Medicinal chemist Dr Guillaume Lessene and structural biologist Dr Peter Czabotar have been jointly awarded the Walter and Eliza Hall Institute's 2013 Burnet Prize, which is awarded annually to early career scientists who have undertaken pioneering work.
Dr Lessene and Dr Czabotar have received the prize for their work on identifying and developing new drug-like molecules that target cancer cells.
The pair played a key role in the development of a tailor-made chemical compound, called WEHI-539, that blocks a protein linked to poor responses to treatment in cancer patients. The compound is an important step towards the design of a potential new anti-cancer agent, and was developed in collaboration with colleagues at the institute, biotech company Genentech, a member of the Roche group; and AbbVie.
Cells have a limited life span that is dictated by a process known as programmed cell death, which is controlled using a delicate balance of pro-survival and pro-death proteins inside the cell. Dr Czabotar said that the WEHI-539 compound targeted a pro-survival protein called BCL-XL, which, when produced at high levels by cancer cells, can prevent the cancer cells from dying, even after chemotherapy treatment.
"Cancer cells can avoid programmed death by producing high levels of one or more 'pro-survival' molecules, known as the BCL-2 family of proteins," Dr Czabotar said. "BCL-XL is one member of the BCL-2 family that is known to be overproduced in some cancers, such as some breast and lung cancers.
Dr Lessene said he and Dr Czabotar were humbled to receive the Burnet Prize. "Many great scientists within the institute have won this award in the past and it is an honour to be recognised among them," Dr Lessene said. "It is gratifying to be named as a joint recipient with Peter, without whom I could not imagine completing this research."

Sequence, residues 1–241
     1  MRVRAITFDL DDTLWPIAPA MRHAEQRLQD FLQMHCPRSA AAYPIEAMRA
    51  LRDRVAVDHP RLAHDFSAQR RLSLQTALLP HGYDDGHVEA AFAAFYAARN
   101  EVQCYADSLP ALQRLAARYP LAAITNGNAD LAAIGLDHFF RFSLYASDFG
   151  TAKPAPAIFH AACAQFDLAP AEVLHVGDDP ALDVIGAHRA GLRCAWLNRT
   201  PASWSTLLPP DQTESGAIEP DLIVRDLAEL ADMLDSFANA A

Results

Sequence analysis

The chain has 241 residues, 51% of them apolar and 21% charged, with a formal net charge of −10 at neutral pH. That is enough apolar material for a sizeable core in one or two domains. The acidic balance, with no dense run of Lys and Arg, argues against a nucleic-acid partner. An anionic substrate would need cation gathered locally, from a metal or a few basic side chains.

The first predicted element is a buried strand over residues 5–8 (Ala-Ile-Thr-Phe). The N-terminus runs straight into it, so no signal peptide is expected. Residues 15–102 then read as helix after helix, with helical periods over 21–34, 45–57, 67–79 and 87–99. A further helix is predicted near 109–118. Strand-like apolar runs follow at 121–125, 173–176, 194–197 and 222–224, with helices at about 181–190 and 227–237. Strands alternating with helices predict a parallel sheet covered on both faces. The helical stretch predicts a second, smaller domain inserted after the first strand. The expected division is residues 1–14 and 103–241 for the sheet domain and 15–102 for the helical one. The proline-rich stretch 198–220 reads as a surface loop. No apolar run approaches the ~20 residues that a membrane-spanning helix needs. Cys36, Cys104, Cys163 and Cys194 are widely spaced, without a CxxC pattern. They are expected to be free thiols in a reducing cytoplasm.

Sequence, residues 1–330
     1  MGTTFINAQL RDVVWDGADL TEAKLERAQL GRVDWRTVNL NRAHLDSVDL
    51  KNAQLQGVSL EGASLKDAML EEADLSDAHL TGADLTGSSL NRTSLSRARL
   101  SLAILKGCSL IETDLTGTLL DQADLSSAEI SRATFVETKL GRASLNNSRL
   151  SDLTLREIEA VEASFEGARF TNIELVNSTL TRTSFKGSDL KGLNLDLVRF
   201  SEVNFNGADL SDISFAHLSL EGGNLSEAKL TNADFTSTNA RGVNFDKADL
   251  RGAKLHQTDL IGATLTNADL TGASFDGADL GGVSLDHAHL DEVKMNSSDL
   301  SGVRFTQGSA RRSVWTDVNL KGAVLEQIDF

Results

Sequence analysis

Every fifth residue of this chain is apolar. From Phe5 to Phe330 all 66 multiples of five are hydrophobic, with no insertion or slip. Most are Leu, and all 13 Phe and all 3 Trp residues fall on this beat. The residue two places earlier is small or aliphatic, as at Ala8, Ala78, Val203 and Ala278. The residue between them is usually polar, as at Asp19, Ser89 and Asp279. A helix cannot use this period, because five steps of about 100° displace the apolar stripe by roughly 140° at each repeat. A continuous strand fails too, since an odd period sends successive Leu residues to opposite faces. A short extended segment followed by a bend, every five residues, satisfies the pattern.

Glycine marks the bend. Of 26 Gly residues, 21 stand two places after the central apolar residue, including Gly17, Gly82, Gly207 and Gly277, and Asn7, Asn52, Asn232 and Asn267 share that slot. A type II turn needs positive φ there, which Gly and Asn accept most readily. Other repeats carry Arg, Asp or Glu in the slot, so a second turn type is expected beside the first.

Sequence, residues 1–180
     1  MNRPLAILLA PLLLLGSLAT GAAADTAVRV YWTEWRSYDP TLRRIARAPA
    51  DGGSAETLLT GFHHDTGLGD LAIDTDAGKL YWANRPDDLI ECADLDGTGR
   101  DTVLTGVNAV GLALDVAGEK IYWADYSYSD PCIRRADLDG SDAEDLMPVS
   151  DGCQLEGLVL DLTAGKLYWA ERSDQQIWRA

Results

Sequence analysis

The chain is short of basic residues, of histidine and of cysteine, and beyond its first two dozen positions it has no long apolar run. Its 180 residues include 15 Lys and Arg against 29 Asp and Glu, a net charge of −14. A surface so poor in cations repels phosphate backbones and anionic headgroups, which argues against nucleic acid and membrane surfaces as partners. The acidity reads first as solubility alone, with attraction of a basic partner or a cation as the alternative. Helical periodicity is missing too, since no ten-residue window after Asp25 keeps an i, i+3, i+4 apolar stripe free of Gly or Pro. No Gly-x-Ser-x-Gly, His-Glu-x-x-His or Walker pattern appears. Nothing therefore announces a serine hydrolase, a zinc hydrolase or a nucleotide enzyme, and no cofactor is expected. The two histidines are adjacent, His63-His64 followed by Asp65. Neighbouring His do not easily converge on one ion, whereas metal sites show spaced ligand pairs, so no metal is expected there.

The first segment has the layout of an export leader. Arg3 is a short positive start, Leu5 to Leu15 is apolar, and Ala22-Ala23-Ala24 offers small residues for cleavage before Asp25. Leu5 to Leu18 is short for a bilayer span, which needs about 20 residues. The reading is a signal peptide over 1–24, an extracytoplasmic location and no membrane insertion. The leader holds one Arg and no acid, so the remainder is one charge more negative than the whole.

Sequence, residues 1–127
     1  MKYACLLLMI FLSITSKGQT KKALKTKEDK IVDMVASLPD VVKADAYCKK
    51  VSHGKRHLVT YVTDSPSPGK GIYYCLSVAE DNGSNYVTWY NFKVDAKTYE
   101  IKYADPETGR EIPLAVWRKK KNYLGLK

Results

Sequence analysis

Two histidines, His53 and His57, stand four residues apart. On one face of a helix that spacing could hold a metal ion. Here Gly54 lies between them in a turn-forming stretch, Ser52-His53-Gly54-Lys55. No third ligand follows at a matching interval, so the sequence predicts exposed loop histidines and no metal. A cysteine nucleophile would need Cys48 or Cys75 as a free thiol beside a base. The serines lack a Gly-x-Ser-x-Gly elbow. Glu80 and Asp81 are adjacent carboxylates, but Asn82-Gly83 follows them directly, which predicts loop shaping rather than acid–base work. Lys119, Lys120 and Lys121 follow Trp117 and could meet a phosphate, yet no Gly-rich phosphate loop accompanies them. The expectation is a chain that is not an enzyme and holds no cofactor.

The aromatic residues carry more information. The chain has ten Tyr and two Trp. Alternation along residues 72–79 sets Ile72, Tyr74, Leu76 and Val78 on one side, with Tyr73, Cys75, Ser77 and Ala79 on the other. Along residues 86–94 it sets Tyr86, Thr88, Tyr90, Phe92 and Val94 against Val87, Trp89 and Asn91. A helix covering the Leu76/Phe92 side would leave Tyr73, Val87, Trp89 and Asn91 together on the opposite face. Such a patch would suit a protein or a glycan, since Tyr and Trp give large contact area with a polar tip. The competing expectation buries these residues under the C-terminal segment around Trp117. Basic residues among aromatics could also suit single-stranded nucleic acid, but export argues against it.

Although the Burnet Prize has been jointly awarded before, this is the first time the prize has been given for collaborative research. "This joint award demonstrates the importance of collaboration within the institute," Dr Lessene said. "We have continued to explore cell death mechanisms that were pioneered by others. Our work would not have been possible without the significant input and support from our numerous colleagues and forbears."
Although there are other compounds that block BCL-2 family proteins, Dr Czabotar said WEHI-539 was the first and only molecule that specifically targeted BCL-XL. "Previous compounds bind to and block more than one protein from the BCL-2 family," he said. "The challenge in our work was to create a compound that only blocked BCL-XL while leaving the other proteins untouched. This means that any future therapeutic drug that is developed from WEHI-539 will be useful in targetting tumours that rely on BCL-XL for survival."
Institute director Professor Doug Hilton said Dr Lessene and Dr Czabotar were worthy recipients of the Burnet Prize. "Guillaume and Peter have set a high standard for collaborative research at the institute," Professor Hilton said. "Their combined efforts have resulted in outstanding results that will have a broad impact on biomedical researchers across the world."